The Cartoonists by Susanna McLeod


Beatrix Potter, Illustrator and Author of "Peter Rabbit"

April 30, 2013


An artist skilled in drawing small animals and plant life long before she was a teenager, Beatrix Potter faced rejection as a new author. Overcoming obstacles, she became a household name with the 1902 publication of "The Tale of Peter Rabbit" and then many other endearing books. Potter's delightful, delicate watercolours, charming characters and matter-of-fact stories captivate children and parents yet today, over 110 years later.


With minimal linework, the art of Beatrix Potter bursts with life and activity. The fine lines flow from the pen of an artist dedicated to accuracy in natural form and behaviour. Enraptured with nature and natural history since early childhood, Potter learned her impressive techniques on her own.

Born on July 28, 1866 to Rupert and Helen Potter in London, England, Helen Beatrix Potter's family was of the wealthier middle-class. Her parents were distant and busy, leaving Beatrix in the hands of a childcare nurse. When Beatrix was six, her parents had a son, William Bertram, who was also left in the care of the nurse. The caregiver thrilled the wee ones with stories of fairies and witches, adventure and fun.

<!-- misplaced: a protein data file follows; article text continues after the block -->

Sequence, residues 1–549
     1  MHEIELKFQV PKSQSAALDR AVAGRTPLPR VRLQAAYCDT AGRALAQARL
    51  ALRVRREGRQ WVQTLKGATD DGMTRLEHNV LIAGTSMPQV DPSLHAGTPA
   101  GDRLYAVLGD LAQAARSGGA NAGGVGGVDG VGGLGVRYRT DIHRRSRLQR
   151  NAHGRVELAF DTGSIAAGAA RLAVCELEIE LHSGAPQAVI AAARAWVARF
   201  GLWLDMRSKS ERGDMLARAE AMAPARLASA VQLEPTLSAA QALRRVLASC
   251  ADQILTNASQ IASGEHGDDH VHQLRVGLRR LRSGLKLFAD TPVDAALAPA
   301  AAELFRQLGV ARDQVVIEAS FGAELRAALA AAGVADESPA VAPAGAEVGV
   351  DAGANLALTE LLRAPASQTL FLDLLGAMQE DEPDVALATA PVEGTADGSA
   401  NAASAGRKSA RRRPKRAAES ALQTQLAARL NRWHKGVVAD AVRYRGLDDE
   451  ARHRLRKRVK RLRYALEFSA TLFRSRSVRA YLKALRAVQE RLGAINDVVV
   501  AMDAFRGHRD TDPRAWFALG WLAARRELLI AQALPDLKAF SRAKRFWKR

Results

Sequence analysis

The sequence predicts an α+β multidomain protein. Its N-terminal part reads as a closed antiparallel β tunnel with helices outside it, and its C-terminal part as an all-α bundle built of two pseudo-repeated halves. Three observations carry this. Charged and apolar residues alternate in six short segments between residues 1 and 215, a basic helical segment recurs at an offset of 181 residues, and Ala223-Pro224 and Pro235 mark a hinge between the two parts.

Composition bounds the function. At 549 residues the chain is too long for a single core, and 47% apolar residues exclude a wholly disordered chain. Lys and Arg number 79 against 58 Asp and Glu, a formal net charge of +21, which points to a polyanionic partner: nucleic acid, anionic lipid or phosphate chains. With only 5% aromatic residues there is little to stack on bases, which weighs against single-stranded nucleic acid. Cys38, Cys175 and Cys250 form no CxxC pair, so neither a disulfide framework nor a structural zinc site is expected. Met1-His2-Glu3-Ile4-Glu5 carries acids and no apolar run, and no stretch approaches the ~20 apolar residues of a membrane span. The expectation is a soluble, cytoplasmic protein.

The lives of Beatrix and Bertram were lonely, with a lack of social opportunities. The Potters hired a governess to teach their children at home, and she provided a thorough yet fascinating education. "Miss Hammond happily allocated a generous portion of the educational timetable to art without neglecting the necessities of 'reading, writing and arithmetic,'" said University of Pittsburgh in "The Illustrators Project: Helen Beatrix Potter (1866-1943).

The Great Beatrix Potter  
The Great Beatrix Potter in Her Youth  

Peter Rabbit by Beatrix Potter

Developing a foundation of science in her students, Miss Hammond took the Potter kids to the Natural History Museum. Inspired by the exhibits, the young Beatrix loved to draw the animals and plants. She did not do just quick sketches; Beatrix examined specimens closely, learning the intricacies of life with her brother by dissecting animals of different species. Home was filled with pets (not dissected) from frogs to rabbits, hedgehogs to mice. Beatrix was a budding scientist.

By the tender age of 8, Beatrix's talent for art was spotted by her parents and they encouraged her development. Taking lessons in oil painting, figure and life painting, Beatrix found the work distracting. She much preferred drawing and watercolours, and the freedom to create unsupervised. "Thank goodness my education was neglected and the originality was not rubbed off," Beatrix was quoted.

"Potter developed the eye of an expert investigative scientist," said Victoria and Albert Museum, "able to draw living creatures with great conviction - throughout her life her work was guided by the principle of portraying nature as accurately as possible." Precision was the solid basis of Beatrix' endearing work.

A Scene from Beatrix Potter's series, "Peter Rabbit" © F. Warne & Co.  

Honing her writing skills as well, Beatrix wrote about her investigations into plant life. Creating a rigorous series of microscopically detailed paintings on fungi, Beatrix hoped the works would be part of a textbook. She was refused since she wasn't a trained botanist.